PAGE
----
December 5, 2022

Goa’s agricultural sector needs to be boosted through the creation of value chains

October 22, 2022 | 04:33 IST

Goa’s agricultural sector needs to be boosted through the creation of value chains

Agriculture was the main occupation of our ancestors. However, agriculture in Goa has gone into passive mode focusing on more lucrative and less strenuous occupations like tourism, mining, construction in addition to the service sector. The Covid-19 outbreak and the resulting lockdown suddenly made Goa realize the need to be self-sufficient, create a value chain and get back to the basics of sustainable agriculture. Yet the value chain has not been created. The state also desperately needs to establish agro-food and fruit processing industries.

Goa’s agriculture is unique. Part of the Western Ghats and close to forest cover, agriculture is by default mostly organic. The geographical area of ​​the state is 3,702 km2 and about 35% or 3,70,200 ha is agricultural. Some of the major income-rich crops in Goa are cashews, coconuts, and spices. Alsane, Tambdi Baji, Bhendi, Mancurad Mango, Khola and others peppers are unique to Goa and some have acquired geographical indication. The stage is set, but proper marketing and processing must be prepared for optimum utilization of the product, which will surely help farmers in Goa.

Prime Minister Narendra Modi had set out a vision for India to become Atma nirbhar (self-governing) and announced a stimulus package of Rs 20 lakh crore. The package should focus on four “Ls” (Land, Labor, Liquidity and Laws in addition to Location). These focus areas are also quite relevant for Goa. Goa can certainly tap into the National Bank for Agriculture and Rural Development (NABARD) to take its agricultural products to the next level.

Goa relies heavily on neighboring states to meet its needs for vegetables, dairy products, meat and even fish. Yes, fish too, despite more than 100 km of coastline. The demand for fish in Goa is so high that they have to get it from other states. Of course, a large catch of fish from Goa is destined for the export market to earn good foreign exchange. The local potential for food production must be fully exploited. From a nutritional value perspective, it is best to consume locally grown foods where travel time from farm to fork is minimal.

Regarding land, land ownership in Goa and legal framework reforms in which Goa has unique patterns of land ownership, from independent ownership to comunidade share ownership, a Portuguese heritage, making most of the owners unable to prove absolute ownership of the properties they own. Therefore, they cannot access institutional loans or most state benefits. Agricultural land is left fallow.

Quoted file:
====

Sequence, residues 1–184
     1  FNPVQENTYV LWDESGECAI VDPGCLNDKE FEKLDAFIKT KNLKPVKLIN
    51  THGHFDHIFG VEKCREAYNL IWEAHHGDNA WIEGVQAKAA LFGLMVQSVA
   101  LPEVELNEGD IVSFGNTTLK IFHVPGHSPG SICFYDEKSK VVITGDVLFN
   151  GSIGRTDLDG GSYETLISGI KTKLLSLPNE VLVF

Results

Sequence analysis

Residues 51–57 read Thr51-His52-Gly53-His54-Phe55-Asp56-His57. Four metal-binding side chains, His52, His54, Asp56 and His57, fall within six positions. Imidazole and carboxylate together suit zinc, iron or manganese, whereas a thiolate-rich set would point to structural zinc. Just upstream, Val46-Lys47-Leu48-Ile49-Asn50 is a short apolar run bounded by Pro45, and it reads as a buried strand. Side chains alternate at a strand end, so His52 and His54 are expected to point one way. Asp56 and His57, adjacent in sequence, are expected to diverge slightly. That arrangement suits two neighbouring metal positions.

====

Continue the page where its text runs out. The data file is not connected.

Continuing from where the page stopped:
The remedy is law reform. One of the recommendations of the Expert Committee (Economic Recovery Committee) set up by the state government to come up with measures to revive the state’s economy shortly after Covid-19 was to put in place sets up a committee of legal experts to recommend reforms to existing state laws. to ensure clarity of land titles and succession. Contract farming and land leasing laws should be passed in the state. In addition, many absentee landlords leave their land fallow rather than renting it out to cultivators for fear of not getting their land back.

The Government of India has suggested three model laws to the State Governments Model Agricultural Land Leasing Act, 2016; Agricultural Products and Livestock Marketing (Promotion and Facilitation) Model Law 2017; and Contract Farming and Services (Promotion and Facilitation) of Agricultural and Livestock Products Act 2018. The legal expert committee may also review these model laws and suggest the state government to adopt the model laws appropriately to facilitate land leasing and contract farming. .

When we talk about liquidity and that through access to institutional finance, farmers or “agropreneurs” can access institutional loans in Goa through bank branches.

Institutional loans, combined with benefits under public schemes, would give farmers much-needed liquidity to realize the full potential of agriculture. NABARD has recently opened a special liquidity facility for cooperative banks and RRBs to meet the post-harvest needs of farmers for Rabi and Kharif harvest loans through Kisan Credit Cards (KCC). The working capital needs of the dairy and fisheries sector would also be financed by the banks under KCC.

Young people in Goa are very interested in getting into farming, but proper agronomic skills, guidance, infrastructure and ownership are needed and the government, especially the Department of Agriculture, needs to work more on this. rapidly.